I conduct business by mail, receive billing notifications that way and communicate with family members. The last thing in the world I’d want to happen is have that ID posted for the world to see (even if there are only 3 people reading my blog). If as many people had my e-mail address as have yours, I’d simply get a new e-mail address somewhere and switch the important stuff over to that. As for the hotmail ID, let the messages pile up. A good test of that “limitless” inbox and search, should you ever need to look for something someone might have sent you.

  48. Unless you’ve done this already, I’d keep a separate address for giving out to the public (whichever one your already giving out I guess) and a secret one that is only used for close associates to have access to. I think you give your cell phone number out here somewhere, but you have the luxury of turning that off too. You probably wouldn’t want to be woke up at 3 in the morning by an irate blog reader halfway around the world.

    I conduct business by mail, receive billing notifications that way and communicate with family members. The last thing in the world I’d want to happen is have that ID posted for the world to see (even if there are only 3 people reading my blog). If as many people had my e-mail address as have yours, I’d simply get a new e-mail address somewhere and switch the important stuff over to that. As for the hotmail ID, let the messages pile up. A good test of that “limitless” inbox and search, should you ever need to look for something someone might have sent you.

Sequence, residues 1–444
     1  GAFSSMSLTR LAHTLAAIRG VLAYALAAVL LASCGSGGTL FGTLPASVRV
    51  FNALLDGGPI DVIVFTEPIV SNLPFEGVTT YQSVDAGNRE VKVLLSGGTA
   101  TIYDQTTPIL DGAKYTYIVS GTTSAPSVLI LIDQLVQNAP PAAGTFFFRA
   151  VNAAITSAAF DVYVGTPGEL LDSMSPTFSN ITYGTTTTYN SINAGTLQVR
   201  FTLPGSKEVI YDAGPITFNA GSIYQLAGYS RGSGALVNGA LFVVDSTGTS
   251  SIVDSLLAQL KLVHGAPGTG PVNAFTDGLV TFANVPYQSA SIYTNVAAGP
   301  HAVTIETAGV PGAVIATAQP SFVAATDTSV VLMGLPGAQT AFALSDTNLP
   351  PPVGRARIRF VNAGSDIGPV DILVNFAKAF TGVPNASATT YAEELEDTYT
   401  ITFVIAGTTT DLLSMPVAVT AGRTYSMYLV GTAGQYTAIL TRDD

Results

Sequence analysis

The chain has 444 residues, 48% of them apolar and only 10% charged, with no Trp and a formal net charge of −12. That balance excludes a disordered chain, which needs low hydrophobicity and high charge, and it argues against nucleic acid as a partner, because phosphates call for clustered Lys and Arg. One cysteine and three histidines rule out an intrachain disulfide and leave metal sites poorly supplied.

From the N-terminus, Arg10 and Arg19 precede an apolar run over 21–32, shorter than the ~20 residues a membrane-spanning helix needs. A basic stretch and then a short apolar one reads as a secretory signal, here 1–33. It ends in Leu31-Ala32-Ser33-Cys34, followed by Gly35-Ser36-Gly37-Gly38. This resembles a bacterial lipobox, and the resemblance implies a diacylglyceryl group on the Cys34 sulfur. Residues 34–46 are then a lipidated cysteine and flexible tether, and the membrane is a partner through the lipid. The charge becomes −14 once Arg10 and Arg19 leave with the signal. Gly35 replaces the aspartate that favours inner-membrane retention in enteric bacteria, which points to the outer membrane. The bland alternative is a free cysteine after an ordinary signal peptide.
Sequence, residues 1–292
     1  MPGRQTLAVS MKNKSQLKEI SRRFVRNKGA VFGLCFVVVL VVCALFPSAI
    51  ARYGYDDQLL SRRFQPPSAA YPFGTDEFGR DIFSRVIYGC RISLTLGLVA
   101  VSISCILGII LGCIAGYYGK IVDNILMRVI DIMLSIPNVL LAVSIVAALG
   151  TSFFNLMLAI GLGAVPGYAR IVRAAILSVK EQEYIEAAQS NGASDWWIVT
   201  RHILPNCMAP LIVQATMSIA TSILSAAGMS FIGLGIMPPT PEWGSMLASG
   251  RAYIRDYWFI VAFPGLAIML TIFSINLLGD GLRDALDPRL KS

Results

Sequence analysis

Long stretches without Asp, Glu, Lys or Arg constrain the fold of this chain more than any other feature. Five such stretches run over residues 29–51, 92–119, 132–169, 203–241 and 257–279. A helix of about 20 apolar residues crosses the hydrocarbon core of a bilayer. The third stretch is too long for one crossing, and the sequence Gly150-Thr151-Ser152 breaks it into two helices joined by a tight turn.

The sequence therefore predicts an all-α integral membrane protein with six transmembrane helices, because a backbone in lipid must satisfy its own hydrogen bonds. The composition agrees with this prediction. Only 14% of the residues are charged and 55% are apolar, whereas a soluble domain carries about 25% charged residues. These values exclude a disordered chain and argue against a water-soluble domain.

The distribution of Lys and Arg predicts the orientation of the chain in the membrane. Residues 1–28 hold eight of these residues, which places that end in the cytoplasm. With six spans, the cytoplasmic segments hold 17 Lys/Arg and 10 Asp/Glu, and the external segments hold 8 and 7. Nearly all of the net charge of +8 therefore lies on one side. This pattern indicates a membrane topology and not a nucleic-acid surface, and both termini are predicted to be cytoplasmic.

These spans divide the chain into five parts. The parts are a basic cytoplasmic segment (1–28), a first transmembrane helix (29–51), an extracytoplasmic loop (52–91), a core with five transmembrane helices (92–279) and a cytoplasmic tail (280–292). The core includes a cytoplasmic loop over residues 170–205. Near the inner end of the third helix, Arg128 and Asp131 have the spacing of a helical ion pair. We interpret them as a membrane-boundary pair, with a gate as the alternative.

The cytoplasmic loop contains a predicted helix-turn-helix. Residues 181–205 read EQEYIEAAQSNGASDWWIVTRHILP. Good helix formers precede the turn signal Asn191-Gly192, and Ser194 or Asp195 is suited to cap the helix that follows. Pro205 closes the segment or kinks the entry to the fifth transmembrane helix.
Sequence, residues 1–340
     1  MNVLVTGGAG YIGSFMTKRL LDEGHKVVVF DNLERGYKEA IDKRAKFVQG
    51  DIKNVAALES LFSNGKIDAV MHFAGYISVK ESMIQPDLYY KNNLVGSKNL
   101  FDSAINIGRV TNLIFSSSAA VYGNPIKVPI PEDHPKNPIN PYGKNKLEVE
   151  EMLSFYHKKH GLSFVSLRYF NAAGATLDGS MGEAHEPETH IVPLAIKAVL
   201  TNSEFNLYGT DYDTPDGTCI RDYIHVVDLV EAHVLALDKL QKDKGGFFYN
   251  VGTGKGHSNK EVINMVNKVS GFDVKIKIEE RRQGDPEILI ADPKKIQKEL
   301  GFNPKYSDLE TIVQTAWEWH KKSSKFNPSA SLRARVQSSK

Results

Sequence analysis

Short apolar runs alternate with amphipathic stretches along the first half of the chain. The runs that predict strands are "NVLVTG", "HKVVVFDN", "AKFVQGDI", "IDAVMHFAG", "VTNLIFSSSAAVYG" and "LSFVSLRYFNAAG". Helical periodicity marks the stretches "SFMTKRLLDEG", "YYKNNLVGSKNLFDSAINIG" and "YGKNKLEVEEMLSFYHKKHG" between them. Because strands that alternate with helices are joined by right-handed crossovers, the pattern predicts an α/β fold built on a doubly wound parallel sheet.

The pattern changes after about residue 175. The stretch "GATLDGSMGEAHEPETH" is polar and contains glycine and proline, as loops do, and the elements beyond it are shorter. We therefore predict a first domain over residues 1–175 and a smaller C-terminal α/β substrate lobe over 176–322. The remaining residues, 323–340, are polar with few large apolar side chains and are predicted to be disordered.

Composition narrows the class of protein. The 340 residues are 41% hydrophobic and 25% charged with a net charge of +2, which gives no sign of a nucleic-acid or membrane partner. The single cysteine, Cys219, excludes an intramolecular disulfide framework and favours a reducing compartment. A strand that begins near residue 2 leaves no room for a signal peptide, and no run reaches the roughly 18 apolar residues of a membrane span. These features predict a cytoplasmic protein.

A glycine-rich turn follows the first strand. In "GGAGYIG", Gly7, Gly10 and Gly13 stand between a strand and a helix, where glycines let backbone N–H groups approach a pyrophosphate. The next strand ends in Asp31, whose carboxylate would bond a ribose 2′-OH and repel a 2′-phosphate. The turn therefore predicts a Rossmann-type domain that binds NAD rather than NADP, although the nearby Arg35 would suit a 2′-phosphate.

49. Robert,

    1) Are you using Outlook on Windows?

    2) If you are, I use Clear Context Inbox Manager Pro to keep my inbox clean. I was a beta tester, and love it… couldn’t live without it. In fact, I run Parallels on My MacBookPro just so I can have Clear Context installed on Outlook:

    http://www.clearcontext.com/products/index.html

    Use this coupon code CC15-15009 to get $15 off it if you want.